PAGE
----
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Carrai National Park

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Carrai National Park is located on a granite plateau off the North Coast of New South Wales, offering bushwalking, mountain biking, 4WD touring and camping for self-reliant campers.

Read more about Carrai National Park

Inland from Kempsey, Carrai National Park protects vast tracts of eucalypt groves and subtropical rainforest on Carrai plateau, a huge granite area with steep escarpments that drop dramatically to Kunderang Brook and Macleay River.

For those with a sense of adventure, a 4WD, and some good camping gear, this part of the New England Tablelands offers an excellent opportunity to get back to the bush; very little infrastructure exists in the park’s 11,397ha. Some basic huts offer shelter at Daisy Plains, and rough tracks traverse the thick forest. One of them is the only access to Marys View lookout in neighbouring Oxley Wild Rivers National Park, and all are great for mountain bikers.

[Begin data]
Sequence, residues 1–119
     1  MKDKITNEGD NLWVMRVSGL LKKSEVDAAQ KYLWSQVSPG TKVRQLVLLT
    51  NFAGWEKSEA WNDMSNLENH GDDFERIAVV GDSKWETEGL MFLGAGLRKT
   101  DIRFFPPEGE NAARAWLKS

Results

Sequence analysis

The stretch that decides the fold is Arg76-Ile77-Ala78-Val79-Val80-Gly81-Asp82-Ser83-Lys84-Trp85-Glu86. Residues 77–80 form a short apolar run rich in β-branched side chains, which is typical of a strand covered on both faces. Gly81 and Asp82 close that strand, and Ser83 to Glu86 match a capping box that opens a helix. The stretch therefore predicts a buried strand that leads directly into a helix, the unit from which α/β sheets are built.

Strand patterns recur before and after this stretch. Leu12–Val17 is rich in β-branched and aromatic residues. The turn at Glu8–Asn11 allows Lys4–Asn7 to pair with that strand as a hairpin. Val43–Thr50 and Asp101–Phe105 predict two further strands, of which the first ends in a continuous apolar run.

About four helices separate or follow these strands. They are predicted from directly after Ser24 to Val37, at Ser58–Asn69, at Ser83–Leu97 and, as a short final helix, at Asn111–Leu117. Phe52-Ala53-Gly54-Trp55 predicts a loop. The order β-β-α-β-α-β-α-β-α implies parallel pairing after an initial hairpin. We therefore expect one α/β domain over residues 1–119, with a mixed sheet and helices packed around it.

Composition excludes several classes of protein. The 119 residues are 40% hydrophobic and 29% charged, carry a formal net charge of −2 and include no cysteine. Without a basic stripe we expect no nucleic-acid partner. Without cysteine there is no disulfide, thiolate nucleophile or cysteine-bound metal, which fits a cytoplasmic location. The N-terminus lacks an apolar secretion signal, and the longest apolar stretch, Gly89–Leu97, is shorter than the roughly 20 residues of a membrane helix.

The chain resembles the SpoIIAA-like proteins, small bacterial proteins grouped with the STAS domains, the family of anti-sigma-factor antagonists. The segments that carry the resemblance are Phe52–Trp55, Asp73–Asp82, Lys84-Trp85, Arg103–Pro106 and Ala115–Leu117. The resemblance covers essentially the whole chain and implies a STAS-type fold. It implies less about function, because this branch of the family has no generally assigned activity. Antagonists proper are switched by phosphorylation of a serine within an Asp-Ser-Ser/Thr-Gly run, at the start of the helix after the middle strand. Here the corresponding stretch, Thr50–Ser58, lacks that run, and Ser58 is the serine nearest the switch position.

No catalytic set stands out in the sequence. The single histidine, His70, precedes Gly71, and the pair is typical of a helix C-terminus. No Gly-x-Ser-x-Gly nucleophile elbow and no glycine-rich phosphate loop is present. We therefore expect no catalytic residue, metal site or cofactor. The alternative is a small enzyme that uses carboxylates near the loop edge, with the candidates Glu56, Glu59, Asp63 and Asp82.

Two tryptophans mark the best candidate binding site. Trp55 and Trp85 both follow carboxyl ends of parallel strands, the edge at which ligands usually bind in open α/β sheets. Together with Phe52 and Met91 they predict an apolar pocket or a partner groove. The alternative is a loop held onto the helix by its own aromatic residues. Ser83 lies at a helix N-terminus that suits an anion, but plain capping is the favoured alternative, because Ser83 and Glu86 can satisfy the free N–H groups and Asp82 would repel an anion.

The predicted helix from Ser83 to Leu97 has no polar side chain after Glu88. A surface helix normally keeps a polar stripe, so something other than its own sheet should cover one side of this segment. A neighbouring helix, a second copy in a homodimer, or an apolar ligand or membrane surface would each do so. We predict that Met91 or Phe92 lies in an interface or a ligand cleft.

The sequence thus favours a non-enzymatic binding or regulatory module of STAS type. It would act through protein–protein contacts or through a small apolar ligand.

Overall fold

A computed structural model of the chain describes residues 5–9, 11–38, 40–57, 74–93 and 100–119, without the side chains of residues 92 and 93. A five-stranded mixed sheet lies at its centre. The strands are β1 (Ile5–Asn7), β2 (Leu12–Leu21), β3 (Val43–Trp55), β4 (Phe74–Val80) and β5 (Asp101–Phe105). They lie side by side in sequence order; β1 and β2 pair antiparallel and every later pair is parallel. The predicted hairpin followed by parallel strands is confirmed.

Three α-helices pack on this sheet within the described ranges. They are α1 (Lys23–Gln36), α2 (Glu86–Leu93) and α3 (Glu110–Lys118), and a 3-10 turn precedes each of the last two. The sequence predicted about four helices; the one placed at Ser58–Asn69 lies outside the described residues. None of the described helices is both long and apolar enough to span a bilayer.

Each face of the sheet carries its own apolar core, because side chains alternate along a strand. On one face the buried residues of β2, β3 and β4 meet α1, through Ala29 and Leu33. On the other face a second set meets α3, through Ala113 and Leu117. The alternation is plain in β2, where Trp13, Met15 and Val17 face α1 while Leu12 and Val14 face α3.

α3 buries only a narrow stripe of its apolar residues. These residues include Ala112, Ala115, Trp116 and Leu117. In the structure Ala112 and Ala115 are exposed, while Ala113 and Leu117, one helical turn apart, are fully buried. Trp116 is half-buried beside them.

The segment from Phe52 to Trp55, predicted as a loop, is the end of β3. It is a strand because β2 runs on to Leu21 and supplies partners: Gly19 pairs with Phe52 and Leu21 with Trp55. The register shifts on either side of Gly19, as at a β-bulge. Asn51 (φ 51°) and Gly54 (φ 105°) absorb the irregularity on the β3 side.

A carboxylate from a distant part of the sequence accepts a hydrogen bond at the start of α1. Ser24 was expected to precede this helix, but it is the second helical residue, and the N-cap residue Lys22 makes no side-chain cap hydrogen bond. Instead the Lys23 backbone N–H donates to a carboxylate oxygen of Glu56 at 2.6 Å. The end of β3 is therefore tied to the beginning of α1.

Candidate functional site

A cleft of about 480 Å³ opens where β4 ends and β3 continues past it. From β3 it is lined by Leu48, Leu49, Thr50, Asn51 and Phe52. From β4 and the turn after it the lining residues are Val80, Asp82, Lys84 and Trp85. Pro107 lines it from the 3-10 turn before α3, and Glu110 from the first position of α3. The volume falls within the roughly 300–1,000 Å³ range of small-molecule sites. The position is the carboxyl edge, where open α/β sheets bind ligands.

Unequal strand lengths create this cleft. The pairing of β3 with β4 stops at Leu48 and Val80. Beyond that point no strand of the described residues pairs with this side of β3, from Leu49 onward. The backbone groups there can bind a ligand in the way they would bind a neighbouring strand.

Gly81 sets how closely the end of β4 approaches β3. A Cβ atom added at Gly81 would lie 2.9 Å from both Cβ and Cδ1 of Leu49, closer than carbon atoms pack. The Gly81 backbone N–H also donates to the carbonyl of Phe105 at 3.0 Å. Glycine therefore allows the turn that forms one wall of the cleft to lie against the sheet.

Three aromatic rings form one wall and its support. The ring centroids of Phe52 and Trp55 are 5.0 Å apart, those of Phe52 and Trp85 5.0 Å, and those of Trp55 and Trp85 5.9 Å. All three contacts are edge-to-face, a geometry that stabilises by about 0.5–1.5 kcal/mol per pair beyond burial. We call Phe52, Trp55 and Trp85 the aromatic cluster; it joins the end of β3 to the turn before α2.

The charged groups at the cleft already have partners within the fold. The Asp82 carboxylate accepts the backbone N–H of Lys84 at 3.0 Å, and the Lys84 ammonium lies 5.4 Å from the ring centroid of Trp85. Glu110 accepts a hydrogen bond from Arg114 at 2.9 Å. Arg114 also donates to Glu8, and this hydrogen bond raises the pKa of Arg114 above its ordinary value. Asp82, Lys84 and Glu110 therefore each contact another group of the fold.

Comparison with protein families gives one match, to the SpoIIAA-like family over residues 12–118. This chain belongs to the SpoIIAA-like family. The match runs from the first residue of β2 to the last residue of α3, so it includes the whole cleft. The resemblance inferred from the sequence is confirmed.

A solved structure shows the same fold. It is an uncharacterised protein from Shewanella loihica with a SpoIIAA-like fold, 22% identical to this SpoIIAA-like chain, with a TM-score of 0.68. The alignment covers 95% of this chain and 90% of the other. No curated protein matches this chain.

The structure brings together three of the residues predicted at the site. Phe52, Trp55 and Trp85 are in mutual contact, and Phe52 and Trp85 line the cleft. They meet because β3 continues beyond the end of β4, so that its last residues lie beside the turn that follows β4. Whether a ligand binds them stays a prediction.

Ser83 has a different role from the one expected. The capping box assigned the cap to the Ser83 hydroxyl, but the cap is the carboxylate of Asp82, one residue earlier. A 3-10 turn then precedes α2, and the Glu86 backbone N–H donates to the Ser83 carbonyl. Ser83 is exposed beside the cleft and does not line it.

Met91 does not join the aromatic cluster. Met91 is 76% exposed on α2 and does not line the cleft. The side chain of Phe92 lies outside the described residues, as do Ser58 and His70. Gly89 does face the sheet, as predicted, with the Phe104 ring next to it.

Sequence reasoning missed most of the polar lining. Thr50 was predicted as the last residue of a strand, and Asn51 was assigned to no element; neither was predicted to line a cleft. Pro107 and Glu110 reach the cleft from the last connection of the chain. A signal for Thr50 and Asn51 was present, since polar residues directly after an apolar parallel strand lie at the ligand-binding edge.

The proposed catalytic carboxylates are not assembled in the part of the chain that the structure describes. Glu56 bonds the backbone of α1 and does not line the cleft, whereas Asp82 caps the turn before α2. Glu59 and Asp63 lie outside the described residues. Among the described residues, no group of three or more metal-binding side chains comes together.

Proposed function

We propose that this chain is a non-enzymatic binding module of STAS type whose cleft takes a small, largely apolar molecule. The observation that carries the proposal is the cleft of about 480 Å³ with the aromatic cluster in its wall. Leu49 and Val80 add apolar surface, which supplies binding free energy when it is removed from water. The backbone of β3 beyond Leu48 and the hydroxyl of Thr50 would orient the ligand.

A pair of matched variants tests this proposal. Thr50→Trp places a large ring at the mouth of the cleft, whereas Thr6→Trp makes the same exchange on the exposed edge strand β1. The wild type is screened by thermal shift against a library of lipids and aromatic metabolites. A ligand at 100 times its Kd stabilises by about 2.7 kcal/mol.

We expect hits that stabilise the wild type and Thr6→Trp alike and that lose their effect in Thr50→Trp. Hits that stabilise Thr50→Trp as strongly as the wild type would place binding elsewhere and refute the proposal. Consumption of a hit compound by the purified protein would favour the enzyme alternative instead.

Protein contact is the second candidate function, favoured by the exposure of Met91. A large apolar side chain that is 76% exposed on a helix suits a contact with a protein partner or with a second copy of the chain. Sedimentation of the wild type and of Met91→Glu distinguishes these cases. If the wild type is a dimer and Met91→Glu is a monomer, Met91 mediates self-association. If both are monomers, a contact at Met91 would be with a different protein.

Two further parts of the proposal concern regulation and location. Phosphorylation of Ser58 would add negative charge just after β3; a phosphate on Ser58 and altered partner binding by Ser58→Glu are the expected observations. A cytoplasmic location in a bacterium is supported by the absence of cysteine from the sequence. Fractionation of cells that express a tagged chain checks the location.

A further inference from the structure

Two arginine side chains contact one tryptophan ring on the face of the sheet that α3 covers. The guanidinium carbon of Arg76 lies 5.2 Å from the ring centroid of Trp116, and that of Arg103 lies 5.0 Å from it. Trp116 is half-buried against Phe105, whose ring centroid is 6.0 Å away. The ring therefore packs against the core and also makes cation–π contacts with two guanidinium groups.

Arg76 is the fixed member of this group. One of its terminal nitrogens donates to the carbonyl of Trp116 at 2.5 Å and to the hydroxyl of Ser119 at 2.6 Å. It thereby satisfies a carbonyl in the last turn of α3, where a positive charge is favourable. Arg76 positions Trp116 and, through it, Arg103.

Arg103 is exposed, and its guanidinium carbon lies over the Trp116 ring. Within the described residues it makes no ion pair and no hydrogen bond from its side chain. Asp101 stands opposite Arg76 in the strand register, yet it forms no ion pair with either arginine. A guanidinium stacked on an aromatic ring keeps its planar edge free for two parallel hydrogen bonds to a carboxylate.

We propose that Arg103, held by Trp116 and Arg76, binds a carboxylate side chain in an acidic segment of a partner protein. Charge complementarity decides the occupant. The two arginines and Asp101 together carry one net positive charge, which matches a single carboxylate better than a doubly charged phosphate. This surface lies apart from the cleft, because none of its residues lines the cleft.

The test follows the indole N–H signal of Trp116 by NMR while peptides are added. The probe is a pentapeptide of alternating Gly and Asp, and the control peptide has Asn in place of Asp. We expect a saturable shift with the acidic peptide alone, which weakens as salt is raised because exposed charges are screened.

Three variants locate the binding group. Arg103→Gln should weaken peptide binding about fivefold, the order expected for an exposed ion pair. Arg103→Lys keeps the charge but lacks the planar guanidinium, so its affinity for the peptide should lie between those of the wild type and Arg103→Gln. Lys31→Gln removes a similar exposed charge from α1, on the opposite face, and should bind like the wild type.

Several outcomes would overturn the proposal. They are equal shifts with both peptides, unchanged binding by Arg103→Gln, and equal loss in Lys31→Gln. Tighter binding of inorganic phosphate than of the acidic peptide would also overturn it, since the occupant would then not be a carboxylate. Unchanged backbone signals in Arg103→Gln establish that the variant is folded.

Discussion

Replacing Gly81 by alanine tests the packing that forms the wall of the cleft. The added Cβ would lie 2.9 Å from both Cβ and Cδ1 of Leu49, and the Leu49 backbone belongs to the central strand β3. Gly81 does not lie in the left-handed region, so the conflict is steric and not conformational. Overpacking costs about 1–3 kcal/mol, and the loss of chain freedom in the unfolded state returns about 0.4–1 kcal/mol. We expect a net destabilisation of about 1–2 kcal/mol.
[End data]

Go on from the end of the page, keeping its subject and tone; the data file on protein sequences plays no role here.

Experienced bushwalkers can trek out through the forest and enjoy jaw-dropping views across the Macleay River valley. Keep your eyes peeled too, because Carrai is home to more than 125 different species of animals, from the endangered Hastings Rivers mouse to native carnivores such as quolls and dingoes. For those with good eyes and a pair of binoculars, several vulnerable species of owls and bats also live in the park.

Highlights in this park

  • 4WD, Carrai National Park. Photo: Piers Thomas/NSW Government

    Carrai and Coachwood trails

    Carrai and Coachwood trails combines 2 remote 4WD adventures in Carrai National Park and Oxley Wild Rivers National Park, between Kempsey and Armidale...

  • Daisy Plains picnic area, Carrai National Park. Photo: NSW Government

    Daisy Plains picnic area

    Visit Daisy Plains picnic area when you travel through Carrai National Park by 4WD. It’s the perfect spot for peaceful lunch when exploring this park’...


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A family walk a boardwalk section of Bouddi coastal walk, Bouddi National Park. Photo: John Spencer/OEH.


Saving Our Species program

Australia is home to more than 500,000 animal and plant species, many of which are found nowhere else in the world. Saving our Species is a statewide conservation program that addresses the growing number of Australian animals and Australian native plants facing extinction.

Koala (Phascolarctos cinereus) in a tree. Photo: Courtesy of Taronga Zoo/OEH

General enquiries


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